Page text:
When Can a Baby Have Yogurt?

Medically Reviewed by Dan Brennan, MD on September 04, 2023
4 min read

When you begin to offer your baby solid food around six months, you introduce them to a variety of tastes, flavors, and textures. Before you begin, it’s important to know how to safely introduce allergenic foods. 

Yogurt is a great food choice once your baby is introduced to solids. Yogurt is safe for babies as long as you pay close attention to nutrition labels and watch for any allergic reactions. Talk to your doctor first if there is a history of dairy allergy or lactose intolerance in your family.

Be sure to read labels on yogurt and make sure to avoid two specific ingredients:

  • Honey. Honey isn't safe before 12 months because your baby may contract a type of food poisoning called botulism.
  • Added sugar. Many yogurts have added sugar or sweeteners that have no benefit for your baby. Try sweetening yogurt with fruit instead.

You should only introduce one new food at a time to your baby, and wait at least three days before introducing another. By doing this, you can pinpoint an allergic reaction if they have one. Since dairy allergies are common, this is especially important when offering yogurt to your baby.

Watch for these signs of an allergic reaction:

  • Vomiting
  • Diarrhea
  • Skin rash
  • Swelling around the lips or eyes

If your baby has an allergic reaction, stop feeding them yogurt and call your pediatrician. They can provide guidelines of when to try offering yogurt again to see if the allergy goes away with time.

Yogurt is rich in protein and calcium, as well as phosphorus and B vitamins. While protein aids in muscle development and calcium promotes strong bones and teeth, most of yogurt's health benefits seem to come from its live bacterial content. Yogurt and other fermented foods that contain specific strains of live bacteria are known as “probiotic.”  Probiotic foods like yogurt may help maintain a healthy balance of bacteria in your baby’s gut. Over time, probiotic foods may even prevent a wide range of health issues including obesity and diabetes.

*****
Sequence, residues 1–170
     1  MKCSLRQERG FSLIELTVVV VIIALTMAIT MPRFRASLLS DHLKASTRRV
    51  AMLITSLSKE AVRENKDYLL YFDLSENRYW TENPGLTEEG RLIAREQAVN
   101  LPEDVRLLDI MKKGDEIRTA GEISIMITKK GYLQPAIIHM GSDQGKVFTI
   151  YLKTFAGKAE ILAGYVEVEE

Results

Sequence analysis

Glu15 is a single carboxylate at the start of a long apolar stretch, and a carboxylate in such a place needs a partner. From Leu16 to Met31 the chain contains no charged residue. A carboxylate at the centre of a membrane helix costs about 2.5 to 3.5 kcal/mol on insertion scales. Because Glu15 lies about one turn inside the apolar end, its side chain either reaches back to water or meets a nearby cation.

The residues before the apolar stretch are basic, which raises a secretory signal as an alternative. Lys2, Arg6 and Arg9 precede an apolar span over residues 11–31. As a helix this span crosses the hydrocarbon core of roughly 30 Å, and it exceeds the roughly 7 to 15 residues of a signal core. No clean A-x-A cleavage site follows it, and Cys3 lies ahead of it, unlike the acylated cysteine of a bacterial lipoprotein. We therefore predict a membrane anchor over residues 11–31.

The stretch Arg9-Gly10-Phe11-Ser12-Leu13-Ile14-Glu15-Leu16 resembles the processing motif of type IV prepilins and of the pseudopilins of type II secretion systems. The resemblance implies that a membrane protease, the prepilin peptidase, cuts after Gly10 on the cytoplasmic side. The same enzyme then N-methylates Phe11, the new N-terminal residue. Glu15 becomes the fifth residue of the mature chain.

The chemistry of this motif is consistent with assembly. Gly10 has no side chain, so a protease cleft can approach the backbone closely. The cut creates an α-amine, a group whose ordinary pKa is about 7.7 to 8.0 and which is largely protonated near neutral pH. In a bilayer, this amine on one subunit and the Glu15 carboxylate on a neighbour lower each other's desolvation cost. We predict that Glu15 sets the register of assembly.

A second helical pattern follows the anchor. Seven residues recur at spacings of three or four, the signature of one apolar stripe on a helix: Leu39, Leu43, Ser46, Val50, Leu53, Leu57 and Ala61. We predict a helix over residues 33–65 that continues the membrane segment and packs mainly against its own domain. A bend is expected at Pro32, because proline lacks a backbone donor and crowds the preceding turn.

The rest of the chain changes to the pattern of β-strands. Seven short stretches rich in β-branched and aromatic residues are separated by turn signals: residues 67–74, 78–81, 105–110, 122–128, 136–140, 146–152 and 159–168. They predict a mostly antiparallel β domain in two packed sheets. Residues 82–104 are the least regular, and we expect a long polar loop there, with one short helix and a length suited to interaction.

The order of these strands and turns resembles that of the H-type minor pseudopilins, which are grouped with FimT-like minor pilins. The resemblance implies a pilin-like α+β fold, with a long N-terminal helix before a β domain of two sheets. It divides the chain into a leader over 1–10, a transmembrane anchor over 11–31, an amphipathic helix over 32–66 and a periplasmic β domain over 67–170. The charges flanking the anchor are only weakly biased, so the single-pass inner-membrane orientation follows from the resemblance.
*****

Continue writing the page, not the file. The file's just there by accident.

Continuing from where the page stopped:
A serving size for your baby is about half a cup of yogurt. Some yogurt brands are fortified with added protein and vitamins that are fine for your baby, but read labels carefully to look for added sugar and honey as ingredients. 

Once you have established that your baby isn't allergic to either yogurt or individual fruits, add chopped or mashed fruits to your baby’s yogurt for added taste and sweetness. Make sure the pieces are small enough that they aren't a choking hazard. 

Great chopped or mashed fruits to add to yogurt include:

  • Strawberries
  • Blueberries
  • Peaches
  • Banana

‌You can spoon-feed your baby or let them hold the spoon and try to feed themself. Of course, they might make a mess. This is part of their learning about food as they are introduced to solids

Before offering new foods, ask these questions:

  • Can my baby hold their head up independently? This is an important developmental milestone for eating solid food.
  • Is my baby interested in eating? Your baby may watch you eat with interest, or even try to grab your food and taste it. When you offer your baby a spoon, they should open their mouth to eat.
  • Can my baby move food to their throat? If you offer food with a spoon, your baby may push it out with their tongue first. This is called the tongue-thrust reflex. With time they will learn to use their tongue to push the food to the back of their mouth and swallow.

Offer a variety. As your baby starts to eat solid foods, they need variety in their diet. This helps ensure your baby is receiving all of the nutrients they need and also helps expand their palate for new tastes. 

Normalize new foods. Once you introduce a new food to your baby and you've confirmed they aren't allergic to it, try to offer it to them again at least twice a week. Not only does this familiarize your baby with new foods, but it can also prevent food allergies. Additionally, when your baby is learning to eat, they watch you. Make sure to offer them the same foods the rest of the family is eating for encouragement.

Consider Allergens. By the time your baby is 12 months old, they should be introduced to each of the common allergenic foods:

  • Cooked egg
  • Creamy peanut butter
  • Cow’s milk (dairy)
  • Tree nuts (such as cashew or almond paste)
  • Soy
  • Sesame
  • Wheat
  • Fish and other seafood

‌By introducing these foods early in life, you can reduce your baby’s chance of developing food allergies.